Tough, Yet Thin

The strengths of Linear Low-Density Polyethylene (LLDPE Resin) make it ideal for use in a variety of packaging applications. LLDPE’s toughness means it can be used in thinner films while retaining material strength, especially compared to its similarly named polyethylene sibling, Low-Density Polyethylene (LDPE). Thinner films can mean less raw material used, and that can mean lower LLDPE plastic prices compared to other variations.

When comparing LLDPE vs. LDPE, LLDPE offers higher tensile strength and higher impact and puncture resistance than LDPE, thanks to the former’s significant number of short, uniform branches (compared to LDPE’s longer branches) that prevent the polymer chains from packing closely together. Its polymerization conditions are also less energy-intensive than LDPE, and LLDPE properties can be altered with varying types and amounts of chemical ingredients.1

Among the polyethylenes -- including LDPE and HDPE Resin (High-Density Polyethylene) -- LLDPE is often used in rotomolding because it is durable yet forgiving.2 Polyethylenes like LLDPE have characteristics that have made them the most widely used resin powders for rotational molding after being pulverized.

What Is LLDPE Plastic Used For?

Around the world, LLDPE is the most-used material for film applications like food and non-food packaging, shrink and stretch film, and other such uses.3 LLDPE can be found in many households and around virtually every neighborhood in an assortment of everyday uses with practical applications involving food storage and preparation, child’s play, and electronics, among other uses.

Food & Beverage

Food & Beverage

LLDPE can be found in everything from grocery bags, trash bags, and shrink wrap to drink and dairy cartons, protective film around meat and bread, and kitchen utensils.

Outdoor Living

Outdoor Living

Polymers are a staple of plastic gardening tools and planters, jungle gyms, playground slides, tube tunnels, ladders, and other recreational products.



This plastic’s insularity makes it ideal for power and telecommunication cable insulation, and its durable flexibility makes it well-suited for pipes and tubing.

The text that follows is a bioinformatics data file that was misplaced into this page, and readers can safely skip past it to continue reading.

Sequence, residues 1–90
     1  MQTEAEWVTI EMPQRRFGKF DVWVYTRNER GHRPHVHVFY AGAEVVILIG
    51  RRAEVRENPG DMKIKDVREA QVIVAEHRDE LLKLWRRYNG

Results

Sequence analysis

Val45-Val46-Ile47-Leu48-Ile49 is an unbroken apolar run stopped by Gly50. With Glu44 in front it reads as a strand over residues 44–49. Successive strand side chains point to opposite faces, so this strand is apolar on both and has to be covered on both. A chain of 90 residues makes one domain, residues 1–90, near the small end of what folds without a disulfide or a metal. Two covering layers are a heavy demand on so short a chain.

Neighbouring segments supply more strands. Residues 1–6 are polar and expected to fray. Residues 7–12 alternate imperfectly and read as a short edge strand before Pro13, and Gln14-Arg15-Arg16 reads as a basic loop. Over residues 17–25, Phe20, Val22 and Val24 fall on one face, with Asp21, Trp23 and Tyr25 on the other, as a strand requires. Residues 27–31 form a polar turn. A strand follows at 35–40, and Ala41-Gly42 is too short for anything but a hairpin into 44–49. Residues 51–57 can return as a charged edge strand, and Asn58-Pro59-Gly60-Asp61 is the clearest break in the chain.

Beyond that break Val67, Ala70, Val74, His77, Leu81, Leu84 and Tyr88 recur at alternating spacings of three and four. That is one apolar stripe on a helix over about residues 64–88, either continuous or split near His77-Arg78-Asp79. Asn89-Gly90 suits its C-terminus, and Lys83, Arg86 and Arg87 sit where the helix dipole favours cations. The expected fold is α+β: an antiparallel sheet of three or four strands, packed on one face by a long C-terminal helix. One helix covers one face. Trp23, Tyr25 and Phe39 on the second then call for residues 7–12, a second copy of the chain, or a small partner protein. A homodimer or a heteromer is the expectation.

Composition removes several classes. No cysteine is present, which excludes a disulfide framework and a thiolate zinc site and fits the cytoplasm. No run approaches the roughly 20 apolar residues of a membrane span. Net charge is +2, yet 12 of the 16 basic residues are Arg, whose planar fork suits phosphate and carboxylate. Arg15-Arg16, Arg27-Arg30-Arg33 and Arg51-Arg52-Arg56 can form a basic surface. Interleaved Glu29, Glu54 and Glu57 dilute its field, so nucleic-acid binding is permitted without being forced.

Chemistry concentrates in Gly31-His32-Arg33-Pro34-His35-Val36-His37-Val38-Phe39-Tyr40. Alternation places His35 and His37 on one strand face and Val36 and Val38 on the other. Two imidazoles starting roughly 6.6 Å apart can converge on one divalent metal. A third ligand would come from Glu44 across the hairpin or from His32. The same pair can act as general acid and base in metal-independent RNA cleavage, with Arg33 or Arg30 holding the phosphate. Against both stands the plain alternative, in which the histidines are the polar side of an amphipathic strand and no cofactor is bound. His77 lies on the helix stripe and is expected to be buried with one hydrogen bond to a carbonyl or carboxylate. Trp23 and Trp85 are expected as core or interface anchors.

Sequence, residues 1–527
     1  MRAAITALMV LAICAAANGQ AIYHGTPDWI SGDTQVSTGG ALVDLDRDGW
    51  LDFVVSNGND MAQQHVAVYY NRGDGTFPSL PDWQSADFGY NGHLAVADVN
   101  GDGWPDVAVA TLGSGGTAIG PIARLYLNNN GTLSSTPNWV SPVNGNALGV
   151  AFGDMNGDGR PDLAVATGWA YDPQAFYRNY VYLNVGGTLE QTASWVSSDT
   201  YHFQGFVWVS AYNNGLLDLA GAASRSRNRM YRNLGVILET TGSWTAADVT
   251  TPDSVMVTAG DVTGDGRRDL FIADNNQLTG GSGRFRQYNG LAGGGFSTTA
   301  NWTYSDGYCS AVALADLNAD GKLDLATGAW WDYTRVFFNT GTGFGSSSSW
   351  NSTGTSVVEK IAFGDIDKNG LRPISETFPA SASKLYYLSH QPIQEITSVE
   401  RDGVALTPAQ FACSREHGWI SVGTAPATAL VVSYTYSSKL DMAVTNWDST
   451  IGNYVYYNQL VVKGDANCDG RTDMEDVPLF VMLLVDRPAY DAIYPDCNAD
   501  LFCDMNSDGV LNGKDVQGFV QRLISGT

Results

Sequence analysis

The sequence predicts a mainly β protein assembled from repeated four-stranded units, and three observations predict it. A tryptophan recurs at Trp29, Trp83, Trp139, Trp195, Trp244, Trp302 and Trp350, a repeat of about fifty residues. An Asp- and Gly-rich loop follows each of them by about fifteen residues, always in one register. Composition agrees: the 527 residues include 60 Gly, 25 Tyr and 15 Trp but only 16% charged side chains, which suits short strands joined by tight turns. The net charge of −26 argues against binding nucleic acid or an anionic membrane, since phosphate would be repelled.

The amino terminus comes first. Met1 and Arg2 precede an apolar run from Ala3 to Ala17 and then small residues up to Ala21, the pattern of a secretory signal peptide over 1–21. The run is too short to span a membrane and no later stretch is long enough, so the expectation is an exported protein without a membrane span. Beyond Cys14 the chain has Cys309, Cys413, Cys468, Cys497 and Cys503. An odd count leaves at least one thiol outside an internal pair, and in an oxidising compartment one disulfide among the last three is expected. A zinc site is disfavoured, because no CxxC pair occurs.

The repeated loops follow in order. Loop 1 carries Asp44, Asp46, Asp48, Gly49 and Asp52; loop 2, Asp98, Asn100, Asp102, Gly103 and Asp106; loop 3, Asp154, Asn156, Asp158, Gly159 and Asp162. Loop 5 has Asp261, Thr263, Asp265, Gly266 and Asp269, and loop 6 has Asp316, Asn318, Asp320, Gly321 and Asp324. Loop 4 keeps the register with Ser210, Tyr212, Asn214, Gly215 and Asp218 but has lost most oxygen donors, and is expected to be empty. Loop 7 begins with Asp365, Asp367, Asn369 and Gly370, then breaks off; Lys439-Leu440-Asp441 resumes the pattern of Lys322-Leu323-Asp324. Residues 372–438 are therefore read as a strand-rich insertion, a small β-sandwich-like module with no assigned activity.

Versatile, Flexible & Compatible

Driving the cross-product popularity of LLDPE are the qualities that make it multidimensional and reliable in an endless array of scenarios. It's easy to shape, secure, and sanitize. Among the many attributes of LLDPE, it is:

  • Flexible, transparent, and resistant to environmental stress cracking
  • Easy to maintain, with resistance to breaking or staining
  • Resistant to transmitting chemicals into soil or food
  • Safe to handle after constant exposure to heat, unlike some other plastics
  • Resistant to chemicals, acids, and oils, and easy to sanitize without corrosion
  • A high-performance film structure that’s less permeable, increasing shelf life and enhancing flavors of foods

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Growing Demand = Growing Opportunity

Converters can reasonably expect a robust market for their services. Global demand for LLDPE is expected to grow at approximately 4.8% annually through 2028, with market value growing to almost $85 billion by that year, up from around $53 billion in 2018, according to Research and Markets, a data provider.4 While most LLDPE produced today is used in packaging, the need for LLDPE is growing well beyond that traditional use.

The need for LLDPE in vehicles, toys, electronic and electrical devices, household appliances, medical technology, and mechanical and plant engineering is expected to grow at 3% per year, predicts, an industry information website. The global demand for pipes, profiles, and cables is expected to grow by 3.1% annually in that time as well. About half of the total global demand for LLDPE is in the Asia-Pacific region,5 amid rising exports from the US.

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Meet An LLDPE Expert

Carl Baker

Professional headshot of Senior Technical Service Engineer, Carl Baker

Senior Technical Service Engineer

Carl is a polymers visionary and industry veteran who has spent more than 30 years in the field, In roles throughout his career his responsibilities have included working with HDPE, MDPE, and LLDPE in pipe applications and the development of PE-RT technology for the North American Market.

Meet Carl

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